Plant Dyes: Everything You Need to Know

Plant Dyes: Everything You Need to Know

By Alexandra Ulmer

Plant Dyes: Everything You Need to Know

      AU Baby is proud to offer the world’s only purely plant dyed baby blanket collection. Plant dyes celebrate Mother Nature’s rainbow and are a safer alternative to synthetic dyes - both for the health of baby’s skin and for the environment. Plant based dyes are very rare in the textile and clothing industry today, despite being the only way humans have dyed fabric until the mid 1800’s. Because natural dye knowledge is not widespread, it’s our job to share more information about this beautiful process with you, our customer.

Natural plants extracts powder used to dye textiles

What is plant dye?

      Ever taken a spa bath filled with rose petals? Plant dyeing is very similar – it’s a literal flower bath infusion for raw material or textile fiber. Natural products such as flowers, roots, vegetables, insects, minerals and wood infuse a dye bath to which the fabric is added, imparting the fiber with a natural hue. There you have it, that’s the simple definition of textile plant dye. Just like a floral bath at a high end spa, this technique is pricey. It also involves a great deal of care in sustainably harvesting plant materials, creating correct recipes, and ensuring that color standards are matched across different batches.

     Most “eco dyed” fabrics use this method plus a binding agent to set the color so that it doesn’t fade or wash out. Although generally considered natural, these binding agents or “mordants” add a chemical component (usually a metal) that we at AU Baby do not want in our products or in wastewater. Our Italian mill specializes in only using specific combinations of plants, not chemicals, to naturally set the dye in the fabric. Bellissima! Our colors are proven to not fade or discolor with washing – in fact, ours is the only Woolmark certified natural dye technology.

Natural Dye Products

Plant vs synthetic dye

    Synthetic dyes are by far the most prevalent type of textile coloration on the market. These dyes are lab-made chemical compounds that maintain consistent color matching and bright, vivid colors. However, this cheap reliability comes at the cost of the environment and human health.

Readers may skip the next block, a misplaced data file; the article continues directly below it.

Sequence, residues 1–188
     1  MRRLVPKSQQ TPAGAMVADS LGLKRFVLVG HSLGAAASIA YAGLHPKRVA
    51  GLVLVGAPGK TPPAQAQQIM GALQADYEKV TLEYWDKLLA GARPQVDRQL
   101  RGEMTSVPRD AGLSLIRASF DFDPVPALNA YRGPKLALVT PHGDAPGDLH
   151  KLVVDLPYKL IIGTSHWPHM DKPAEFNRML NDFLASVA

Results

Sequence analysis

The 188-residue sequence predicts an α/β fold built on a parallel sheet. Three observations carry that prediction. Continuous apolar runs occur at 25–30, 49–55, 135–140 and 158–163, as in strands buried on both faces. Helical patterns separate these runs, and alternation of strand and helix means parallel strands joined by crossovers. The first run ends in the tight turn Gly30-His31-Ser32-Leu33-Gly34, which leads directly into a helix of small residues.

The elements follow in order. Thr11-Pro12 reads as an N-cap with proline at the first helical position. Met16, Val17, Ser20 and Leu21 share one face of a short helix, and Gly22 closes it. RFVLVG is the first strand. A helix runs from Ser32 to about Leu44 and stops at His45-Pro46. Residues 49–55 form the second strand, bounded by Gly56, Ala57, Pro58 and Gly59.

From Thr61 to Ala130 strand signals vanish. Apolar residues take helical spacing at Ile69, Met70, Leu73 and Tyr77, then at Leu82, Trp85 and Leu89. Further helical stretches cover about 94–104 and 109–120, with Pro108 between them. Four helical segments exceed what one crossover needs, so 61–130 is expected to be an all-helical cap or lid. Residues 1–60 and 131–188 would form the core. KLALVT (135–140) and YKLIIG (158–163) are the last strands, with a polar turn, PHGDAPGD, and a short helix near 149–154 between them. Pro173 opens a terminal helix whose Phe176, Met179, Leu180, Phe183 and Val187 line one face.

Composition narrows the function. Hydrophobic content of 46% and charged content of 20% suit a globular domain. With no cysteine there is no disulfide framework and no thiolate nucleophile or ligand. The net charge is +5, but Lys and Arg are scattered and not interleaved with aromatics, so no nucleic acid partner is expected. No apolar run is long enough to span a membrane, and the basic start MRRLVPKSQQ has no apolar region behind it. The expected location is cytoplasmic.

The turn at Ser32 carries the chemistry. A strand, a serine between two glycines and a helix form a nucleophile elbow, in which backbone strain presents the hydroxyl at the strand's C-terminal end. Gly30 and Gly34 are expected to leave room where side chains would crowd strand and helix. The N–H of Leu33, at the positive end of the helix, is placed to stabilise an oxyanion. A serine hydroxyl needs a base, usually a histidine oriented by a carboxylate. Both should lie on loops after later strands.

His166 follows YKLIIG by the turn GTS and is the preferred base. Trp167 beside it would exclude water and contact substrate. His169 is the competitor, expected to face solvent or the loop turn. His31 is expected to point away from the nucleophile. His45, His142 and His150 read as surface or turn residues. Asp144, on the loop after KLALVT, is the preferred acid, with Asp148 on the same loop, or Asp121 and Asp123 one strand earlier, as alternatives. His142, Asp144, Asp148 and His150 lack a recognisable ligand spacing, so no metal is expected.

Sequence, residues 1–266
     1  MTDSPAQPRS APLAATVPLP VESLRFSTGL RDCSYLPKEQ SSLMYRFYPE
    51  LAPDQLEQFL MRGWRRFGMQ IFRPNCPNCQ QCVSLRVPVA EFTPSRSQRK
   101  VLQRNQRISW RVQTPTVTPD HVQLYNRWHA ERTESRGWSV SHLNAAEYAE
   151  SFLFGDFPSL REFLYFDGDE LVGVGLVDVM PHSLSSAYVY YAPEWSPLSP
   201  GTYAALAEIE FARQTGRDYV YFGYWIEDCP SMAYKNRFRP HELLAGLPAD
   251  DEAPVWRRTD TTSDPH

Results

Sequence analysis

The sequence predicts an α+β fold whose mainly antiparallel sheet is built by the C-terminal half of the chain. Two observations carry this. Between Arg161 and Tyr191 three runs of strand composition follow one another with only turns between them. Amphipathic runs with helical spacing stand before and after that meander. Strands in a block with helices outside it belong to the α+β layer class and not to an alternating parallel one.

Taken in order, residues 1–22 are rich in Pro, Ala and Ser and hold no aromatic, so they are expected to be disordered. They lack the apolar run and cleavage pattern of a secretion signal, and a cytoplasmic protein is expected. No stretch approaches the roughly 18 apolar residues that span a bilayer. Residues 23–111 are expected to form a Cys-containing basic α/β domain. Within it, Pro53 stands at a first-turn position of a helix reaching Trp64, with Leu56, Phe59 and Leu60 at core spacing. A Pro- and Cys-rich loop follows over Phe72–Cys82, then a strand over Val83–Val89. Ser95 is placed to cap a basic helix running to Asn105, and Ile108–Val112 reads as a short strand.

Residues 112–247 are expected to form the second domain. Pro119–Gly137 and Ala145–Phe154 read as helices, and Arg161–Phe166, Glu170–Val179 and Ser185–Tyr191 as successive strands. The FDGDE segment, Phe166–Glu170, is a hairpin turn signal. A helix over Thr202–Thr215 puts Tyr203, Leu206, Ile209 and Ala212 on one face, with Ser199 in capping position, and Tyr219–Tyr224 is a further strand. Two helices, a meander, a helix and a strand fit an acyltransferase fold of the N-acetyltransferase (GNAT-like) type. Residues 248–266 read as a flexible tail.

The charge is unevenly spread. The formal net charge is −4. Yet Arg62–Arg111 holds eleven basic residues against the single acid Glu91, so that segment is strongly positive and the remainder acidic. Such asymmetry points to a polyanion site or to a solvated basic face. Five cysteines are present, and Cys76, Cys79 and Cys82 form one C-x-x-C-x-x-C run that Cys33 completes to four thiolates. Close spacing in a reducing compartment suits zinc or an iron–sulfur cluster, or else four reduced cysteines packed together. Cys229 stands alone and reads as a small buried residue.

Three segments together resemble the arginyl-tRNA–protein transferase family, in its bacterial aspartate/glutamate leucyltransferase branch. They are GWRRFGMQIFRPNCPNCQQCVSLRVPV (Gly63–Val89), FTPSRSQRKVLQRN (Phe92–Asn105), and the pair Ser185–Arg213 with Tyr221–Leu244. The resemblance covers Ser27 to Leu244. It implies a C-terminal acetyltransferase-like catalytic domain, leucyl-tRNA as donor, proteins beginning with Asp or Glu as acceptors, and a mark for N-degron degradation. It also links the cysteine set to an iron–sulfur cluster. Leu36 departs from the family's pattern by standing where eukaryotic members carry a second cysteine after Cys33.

Synthetic dyes have always been tied to environmental pollution. In fact, the first synthetic dyes came from coal tar [1], solidifying a close relationship with fossil fuels. Most synthetic dye processes utilize a large amount of water, often in locations without effective means to clean the dye water before it returns to the environment. For that reason, wastewater from textile dyeing is the second largest polluter of water globally[2]

    The risked posed to human health are equally frightening. Synthetic dyes are made up of chemical compounds that can be harmful to humans, especially those who work in their production. Some of the chemicals found in synthetic dyes are mercury, lead, chromium, copper, sodium chloride, toluene, and benzene. Exposure to large doses of these substances can be toxic and can have severe effects in the human body.” [3] Azo dyes, one of the most common synthetic dyes that produce bright reds, oranges and yellows are known carcinogens. Others can cause kidney, bladder and liver cancer. The US has not yet joined The EU, China, Japan, India, or Vietnam in banning azo dyes and formaldehyde in fabric. [4]

    It's well documented that toxic chemicals create negative health outcomes when exposed to human skin. Babies are not equipped to detox from a heavy load of synthetic dyes. That's why we've created the world's safest baby blanket - so you and baby can sleep soundly, nestled in nature. 

 

Sources

[1] https://study.com/academy/lesson/textile-dyes-history-toxicity-pollution.html

[2] https://www.unenvironment.org/news-and-stories/story/putting-brakes-fast-fashion

[3] http://www.keycolour.net/blog/natural-vs-synthetic-dyes-which-is-better

[4] https://www.qima.com/whitepaper/quick-guide-azo-dyes

Aspland, J. R. Textile Dyeing and Coloration. Research Triangle Park, N.C.: American Association of Textile Chemists and Colorists, 1997.

Perkins, Warren S. Textile Coloration and Finishing. Durham, N.C.: Carolina Academic Press, 1996.

Society of Dyers and Colourists, and the American Association of Textile Chemists and Colorist. The Colour Index International. 9 vols. 3rd ed. West Yorkshire, England: Bradford, 1971-1992. Fourth edition (2004) available online through subscription http://www.colour-index.com.

https://www.nontoxicrevolution.org/blog/2019/2/19/how-our-skin-absorbs-toxic-chemicals-and-how-you-can-avoid-it